Most days, Linda Rawles rises at 8 a.m., drinks a Diet Coke, reads the morning newspaper and goes about the business of running for Congress. If she gets up any earlier, she vomits. Her husband, Tom, however, is an early bird. He's on the freeway to Phoenix--and his dual career as corporate lawyer and Maricopa County supervisor--before Linda's "human." At night, Linda tosses and turns, silently debating her opponents, while Tom snoozes.

The Rawleses don't see much of each other. He's a morning person, she's night. Their afternoons and evenings are jammed with events. But they remain together by other means. They are linked not merely by the love of husband and wife, but by a shared obsession with politics and their quest to conquer Arizona's Congressional District 1.

On a rare, empty evening in July, the loving couple sprawl on their living-room sofa, her bare feet in his lap. They are euphoric. They are together, and they are to spend the next couple of hours discussing their favorite subjects: themselves and their politics.

Both wear Polo shirts and Bermuda shorts. For high-priced Republican attorneys with a Jaguar and a Range Rover in the driveway, they're a bawdy pair. He burps, struggling to digest dinner--tequila chicken from the Rawleses' favorite restaurant, Applebee's; she stands to give her underpants a yank when they've crept up too far for comfort. Other than the occasional screech of a portable phone, the house is quiet, and if tonight is typical for the Rawles household, in a couple hours, Tom and Linda will watch the 10 o'clock news in bed before Tom passes out and Linda starts fretting.

Pillow talk, Tom says, will consist of "the campaign. The county. The budget. And how tired we are." Linda laughs, starts to speak, reconsiders. Goaded by Tom, she chuckles and says, "I was gonna say we would have sex, but we're too tired." Although Tom, who's 44, and Linda, who's 35, envision long political careers for themselves, they don't talk about the distant future. Nothing beyond the September 13 GOP primary, the November 8 general election and the trip to Jamaica they've promised each other.

The Rawleses' zeal borders on evangelism. Their wear their dogma--libertarianism tempered by marital bliss--like sturdy armor, particularly effective against the nasty headlines that have badgered Tom for allegedly using his supervisorial post to raise money for Linda's campaign.

"I'm her biggest advantage. I'm also her biggest disadvantage," Tom says. ". . . . We're not running as a couple, but we clearly are a team. And, yeah, there's an impact. Am I worried about it? I'm aware of it, but worried is not the right word, no."
Why should he be? In May, Linda released a poll which showed her to have the highest name recognition in her race--an obvious plus of sharing the county supervisor's last name.

The Rawleses are compatible between the sheets and on the campaign trail--though not necessarily in that order.

Tom says, "I'm not sure that we have a relationship right now that's separate from what we're doing. I mean, we love each other and we do things, but underlying it all is the county and the campaign."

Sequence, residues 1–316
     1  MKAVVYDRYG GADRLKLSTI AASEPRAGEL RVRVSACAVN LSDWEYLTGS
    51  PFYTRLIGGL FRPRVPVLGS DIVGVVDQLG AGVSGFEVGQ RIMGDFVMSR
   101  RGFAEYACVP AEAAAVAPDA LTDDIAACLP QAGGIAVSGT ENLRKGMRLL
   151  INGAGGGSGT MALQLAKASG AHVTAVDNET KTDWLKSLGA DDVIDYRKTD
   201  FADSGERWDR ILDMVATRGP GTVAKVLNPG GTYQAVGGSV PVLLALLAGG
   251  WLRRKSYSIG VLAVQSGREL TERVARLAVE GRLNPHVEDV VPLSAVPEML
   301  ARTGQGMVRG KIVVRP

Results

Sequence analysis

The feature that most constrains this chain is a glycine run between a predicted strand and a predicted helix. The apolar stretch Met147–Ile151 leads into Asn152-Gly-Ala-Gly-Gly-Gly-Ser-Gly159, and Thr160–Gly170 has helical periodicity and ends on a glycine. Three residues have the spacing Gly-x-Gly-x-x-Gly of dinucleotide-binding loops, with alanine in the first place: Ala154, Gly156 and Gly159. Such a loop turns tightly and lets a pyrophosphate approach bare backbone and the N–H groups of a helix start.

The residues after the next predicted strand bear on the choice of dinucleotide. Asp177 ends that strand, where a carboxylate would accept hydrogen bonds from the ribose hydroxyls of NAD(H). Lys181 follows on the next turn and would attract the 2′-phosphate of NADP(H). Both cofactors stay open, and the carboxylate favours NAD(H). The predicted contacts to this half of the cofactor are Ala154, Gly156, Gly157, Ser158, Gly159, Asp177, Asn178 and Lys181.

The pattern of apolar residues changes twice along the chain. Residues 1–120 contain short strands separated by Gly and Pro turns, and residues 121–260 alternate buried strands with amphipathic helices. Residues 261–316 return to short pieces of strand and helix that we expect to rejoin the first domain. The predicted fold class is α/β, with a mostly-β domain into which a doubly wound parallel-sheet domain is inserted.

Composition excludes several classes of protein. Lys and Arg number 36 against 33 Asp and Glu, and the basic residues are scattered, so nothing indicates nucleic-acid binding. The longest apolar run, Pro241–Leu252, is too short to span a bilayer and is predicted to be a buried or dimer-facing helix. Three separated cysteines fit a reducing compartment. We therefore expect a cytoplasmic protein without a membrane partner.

@body:Throw out ideology, and Tom and Linda Rawles are the East Valley's version of Bill and Hillary Clinton. They're both lawyers. Tom's supersensitive about his waistline; Linda changes her hairstyle every six months.

The Rawleses' love nest/war room is a modest house in Dobson Ranch, in Mesa, where they live with Linda's son, Clayton, 14, two dogs and a cat. Linda says the cat is the only thing Tom got from his first marriage, which lasted almost 20 years. It ended when Tom met Linda. His first wife, Michele Rawles, declined to be interviewed. A schoolteacher, she lives in Gilbert. The current Mr. and Mrs. Rawles met in 1990 at the Phoenix law firm Lewis and Roca, where Tom was practicing business law and Linda was clerking during her last summer of law school at the University of Chicago. Linda and her son left the Midwest for Arizona in the summer of 1991, and Tom and Linda were married that December--three months after Tom signed the divorce papers.

It's been a political whirlwind ever since. Tom ran for--and won--a seat on the Maricopa County Board of Supervisors in November 1992. Now Linda is one of five Republicans vying for the chance to represent Arizona's Congressional District 1, the spot being vacated by Democratic U.S. Senate candidate Sam Coppersmith. Coincidentally, both Tom and Linda were just observers of American politics until 1986, when she ran for a county council position in Indiana and he considered a bid for CD1. Linda lost her primary by 250 votes, and Tom never made it to his--he pulled out to support and eventually work for the winner, former representative Jay Rhodes.

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Amy Silverman is a two-time winner of the Arizona Press Club’s Journalist of the Year award. Her work has appeared on the radio show This American Life and in the New York Times, the Washington Post, Lenny Letter, and Brain, Child. She’s the co-curator of the live reading series Bar Flies, and a commentator for KJZZ, the NPR affiliate in Phoenix. Silverman is the author of the book My Heart Can’t Even Believe It: A Story of Science, Love, and Down Syndrome (Woodbine House 2016). Follow her on Instagram (@amysilverman), Twitter (@amysilvermanaz), and at amy-silverman.com.